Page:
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 The Thinking Superstar

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Jennaceeta21

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Number of posts : 672
Age : 32
Registration date : 2008-10-11

PostSubject: The Thinking Superstar   Thu Nov 20, 2008 10:17 pm

November 18th, 2008


He’s on the A-list for being an activist as well as being a sex symbol, but Leonardo DiCaprio tells Steve Pratt that being the subject of screaming fans is an out-of-body experience.

LEONARDO DiCaprio has never quite conformed to what Hollywood expects of A-list stars and the leading man in the highest-grossing movie ever, Titanic. Not for him blockbuster after blockbuster. He thinks about subject matter rather than potential commercial success. Sometimes the two come together, but he’s made it clear than he prefers pictures that are edgier or more meaningful. This stance has earned him names like The A-list activist as well as A-list sex symbol, and he’s as likely to be found making an environmentally-themed documentary, The 11th Hour, as being directed by Martin Scorsese in The Gangs Of New York and The Aviator.

Off-screen, one night – his first in London last week – you’ll see him photographed arriving back at his hotel at four in the morning after a night out partying, and the next night escorting his mother to the premiere.

His latest film, Body Of Lies, combines both action and a contemporary issue, as a thriller set against the backdrop of the war against terror. DiCaprio plays a US intelligence agent chasing terrorists across the Middle East.

We meet shortly after the day of the US Presidential election and DiCaprio, in the middle of a European press tour for Body Of Lies, “couldn’t be more excited”, he says.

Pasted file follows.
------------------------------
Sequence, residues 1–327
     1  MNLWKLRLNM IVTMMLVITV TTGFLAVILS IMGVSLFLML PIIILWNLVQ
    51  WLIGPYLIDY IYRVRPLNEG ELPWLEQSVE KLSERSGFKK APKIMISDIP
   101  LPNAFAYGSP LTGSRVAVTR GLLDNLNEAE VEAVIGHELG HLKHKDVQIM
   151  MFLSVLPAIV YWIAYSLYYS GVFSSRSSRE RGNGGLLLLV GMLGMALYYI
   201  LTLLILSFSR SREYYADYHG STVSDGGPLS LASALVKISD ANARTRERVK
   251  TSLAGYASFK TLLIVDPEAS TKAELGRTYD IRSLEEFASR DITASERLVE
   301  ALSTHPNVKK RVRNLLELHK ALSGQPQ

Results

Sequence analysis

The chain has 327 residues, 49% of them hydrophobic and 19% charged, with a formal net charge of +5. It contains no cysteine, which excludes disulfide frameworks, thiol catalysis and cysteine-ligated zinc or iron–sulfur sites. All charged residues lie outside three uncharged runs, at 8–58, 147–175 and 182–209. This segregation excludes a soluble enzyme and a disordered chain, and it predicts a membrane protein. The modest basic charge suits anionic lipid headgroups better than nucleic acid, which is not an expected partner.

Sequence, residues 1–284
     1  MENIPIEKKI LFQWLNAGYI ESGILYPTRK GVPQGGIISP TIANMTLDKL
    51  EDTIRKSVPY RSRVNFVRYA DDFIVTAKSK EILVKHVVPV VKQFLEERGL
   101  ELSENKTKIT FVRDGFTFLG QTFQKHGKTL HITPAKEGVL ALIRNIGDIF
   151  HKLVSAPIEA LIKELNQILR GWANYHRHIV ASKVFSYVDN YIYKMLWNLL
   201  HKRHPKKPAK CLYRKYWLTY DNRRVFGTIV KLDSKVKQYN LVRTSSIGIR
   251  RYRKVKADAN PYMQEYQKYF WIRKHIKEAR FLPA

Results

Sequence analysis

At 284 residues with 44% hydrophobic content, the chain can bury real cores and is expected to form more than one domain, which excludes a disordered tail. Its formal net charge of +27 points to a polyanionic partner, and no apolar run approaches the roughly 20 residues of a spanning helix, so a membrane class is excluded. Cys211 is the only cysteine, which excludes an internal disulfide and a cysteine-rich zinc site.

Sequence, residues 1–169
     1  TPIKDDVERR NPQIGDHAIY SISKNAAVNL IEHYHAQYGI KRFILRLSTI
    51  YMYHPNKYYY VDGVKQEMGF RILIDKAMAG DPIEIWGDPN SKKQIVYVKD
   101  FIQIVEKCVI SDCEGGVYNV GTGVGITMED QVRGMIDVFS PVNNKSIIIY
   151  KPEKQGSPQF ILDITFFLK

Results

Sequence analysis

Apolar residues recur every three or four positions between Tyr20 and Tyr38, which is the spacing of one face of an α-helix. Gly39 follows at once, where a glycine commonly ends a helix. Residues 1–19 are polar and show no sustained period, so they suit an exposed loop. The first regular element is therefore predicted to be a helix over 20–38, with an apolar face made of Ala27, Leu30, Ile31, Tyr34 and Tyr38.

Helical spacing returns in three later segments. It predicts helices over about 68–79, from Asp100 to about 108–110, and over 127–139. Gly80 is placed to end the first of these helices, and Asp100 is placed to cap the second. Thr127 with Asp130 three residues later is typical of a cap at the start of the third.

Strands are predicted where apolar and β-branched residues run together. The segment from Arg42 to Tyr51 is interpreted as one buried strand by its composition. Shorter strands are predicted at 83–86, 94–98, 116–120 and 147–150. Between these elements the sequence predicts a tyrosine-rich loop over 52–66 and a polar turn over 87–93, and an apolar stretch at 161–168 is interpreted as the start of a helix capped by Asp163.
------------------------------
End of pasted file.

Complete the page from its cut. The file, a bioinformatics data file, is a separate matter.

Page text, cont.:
“I got to watch the election in Rome, where I watched the 2000 debacle. I stayed up all night and watched the results come in. It was an overwhelming, resounding victory for our new, fantastic president Mr Obama.”

An equally appreciative, presidential-style welcome came from hundreds of girls greeting him at the London premiere, which he judges was the biggest turnout on the European tour.

He’s used to screaming fans by now. “Most of the time, it’s an out-of-body experience,” he says.

“It’s fantastic to see a reaction like that, but it feels like another person sometimes, because you do these movies and you’re off on location for many months at a time, and then there’s this image up on screen.

“I certainly have a great appreciation for it, and I feel very lucky to do what I do, and have people come out and support me like that.”

He’s also a great admirer of director Ridley Scott and his working methods. Often actors are waiting around for the director to make up his mind, but he found Scott “so precise. He trims so much of the fat out of the film-making process that none of it’s a waste of time. Everything he does, he instinctively reacts to immediately. The end result is you walk away from making a movie probably a month-and-a-half shorter than most film-makers would make it.

“He sets up multiple camera angles, has you covered from every different angle, he’s able to control 20 different departments simultaneously.

It makes you, as an actor, trust your instincts more because he trusts you and relies on you to know your character and how they will react in any given situation that he throws at you. That instills a confidence in you.

“It’s a great working relationship and it’s different from most directors I’ve worked with, but it’s exhilarating and I’d love to do it again.”

Physically, DiCaprio has done roles similar to the one in Body Of Lies. He did most of his own stunts and his “big” injury story is that he caught a cold, thanks to the interrogation – he prefers not to call it torture – scene.